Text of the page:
ATLANTA (June 27, 2006) -- The National Football League and its players union are on the hook for the $20 million that seven current and former players lost in an alleged fraud scheme because the union endorsed the services of an investment firm even though its manager had liens against him, a lawsuit says.
In the lawsuit filed against the NFL and NFL Players Association on June 23 in U.S. District Court in Atlanta, the players say the defendants are jointly liable for their losses from investing with hedge fund manager Kirk Wright.
The lawsuit says the union recommended Wright through registration in a union investment program even though Wright and his partner, Nelson "Keith" Bond, had active state and federal tax liens against them.
The players also say the union failed to ensure that Wright was properly insured as required by the program, and failed to notify the plaintiffs about those matters.
NFL spokesman Greg Aiello said the league believes the allegations in the lawsuit are unfounded and have no merit.
"We will review the matter with our attorneys and look forward to responding as directed," Aiello said.
He added that only one of the players, Blaine Bishop, asked for a background check, and only for Bond, and that a database reviewed by the league's security department found no record of any liens or relevant information.
A spokesman for the players union, Carl Francis, said he had no comment on the lawsuit.
"We're kind of looking into it right now," Francis said. "We don't have all the facts. Once we do, we will address it."
In May, Wright was arrested in Miami Beach on federal fraud charges. He also faces a lawsuit filed by the Securities and Exchange Commission against him and his company, International Management Associates.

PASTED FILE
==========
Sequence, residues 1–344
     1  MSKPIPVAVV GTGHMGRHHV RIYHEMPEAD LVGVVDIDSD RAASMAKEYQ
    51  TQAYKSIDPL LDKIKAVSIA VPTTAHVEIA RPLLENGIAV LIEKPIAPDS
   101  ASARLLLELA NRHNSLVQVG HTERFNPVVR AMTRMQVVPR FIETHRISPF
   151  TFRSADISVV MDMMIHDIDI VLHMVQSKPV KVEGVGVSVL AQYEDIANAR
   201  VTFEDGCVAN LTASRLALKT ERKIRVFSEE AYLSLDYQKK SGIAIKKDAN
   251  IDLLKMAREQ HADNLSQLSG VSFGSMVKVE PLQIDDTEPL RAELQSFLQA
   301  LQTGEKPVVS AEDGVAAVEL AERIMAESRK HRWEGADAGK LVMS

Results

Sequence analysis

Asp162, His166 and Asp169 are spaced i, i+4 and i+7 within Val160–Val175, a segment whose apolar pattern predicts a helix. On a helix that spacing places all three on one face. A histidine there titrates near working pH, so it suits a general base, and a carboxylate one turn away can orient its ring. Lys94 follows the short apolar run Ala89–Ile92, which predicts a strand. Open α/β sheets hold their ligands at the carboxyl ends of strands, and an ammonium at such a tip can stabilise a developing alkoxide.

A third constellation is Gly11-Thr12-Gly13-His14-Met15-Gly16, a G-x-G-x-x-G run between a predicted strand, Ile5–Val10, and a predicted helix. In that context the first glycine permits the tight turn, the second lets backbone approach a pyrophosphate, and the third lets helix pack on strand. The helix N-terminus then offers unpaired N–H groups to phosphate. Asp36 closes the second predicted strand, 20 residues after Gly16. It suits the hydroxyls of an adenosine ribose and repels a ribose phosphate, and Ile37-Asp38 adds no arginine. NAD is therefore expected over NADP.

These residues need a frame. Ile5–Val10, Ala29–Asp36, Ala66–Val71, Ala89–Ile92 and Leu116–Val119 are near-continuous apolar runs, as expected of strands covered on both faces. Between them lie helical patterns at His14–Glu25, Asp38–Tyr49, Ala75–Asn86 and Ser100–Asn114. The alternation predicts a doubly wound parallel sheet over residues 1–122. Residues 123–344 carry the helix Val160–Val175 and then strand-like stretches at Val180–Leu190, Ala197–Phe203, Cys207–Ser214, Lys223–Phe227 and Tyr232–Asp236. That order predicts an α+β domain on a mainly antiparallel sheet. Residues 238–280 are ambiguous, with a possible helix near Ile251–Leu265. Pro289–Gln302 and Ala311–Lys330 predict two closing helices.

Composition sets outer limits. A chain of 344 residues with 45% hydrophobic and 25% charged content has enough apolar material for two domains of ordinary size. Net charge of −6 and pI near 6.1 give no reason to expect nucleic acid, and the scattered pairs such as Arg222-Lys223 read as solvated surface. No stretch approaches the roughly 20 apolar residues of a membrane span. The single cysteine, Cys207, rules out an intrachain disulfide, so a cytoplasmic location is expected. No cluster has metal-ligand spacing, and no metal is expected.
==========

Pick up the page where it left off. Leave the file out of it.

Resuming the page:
Among the clients deceived by Wright, authorities said, are former Denver Broncos players Steve Atwater, Ray Crockett, Al Smith and Bishop, as well as former longtime Philadelphia Eagles player Clyde Simmons.
The five players are plaintiffs in the lawsuit against the NFL and players union, along with Marco Coleman, who has played with six teams including the Broncos, and Carlos Emmons, who currently plays for the New York Giants.
The players are asking in the suit for compensatory and punitive damages as well as an injunction to insure that the NFL and its players union have adequate practices in place for performing background checks and protecting players from fraud by registered financial advisers.
According to authorities, Wright and his company collected as much as $185 million from at least 500 investors since 1997 and misled some of them to believe the value of those investments was increasing using false statements and documents. As recently as Jan. 25, the firm reported $166.6 million in assets spread across five hedge funds it manages and advises. That money is now missing, according to the SEC.
The Associated Press News Service
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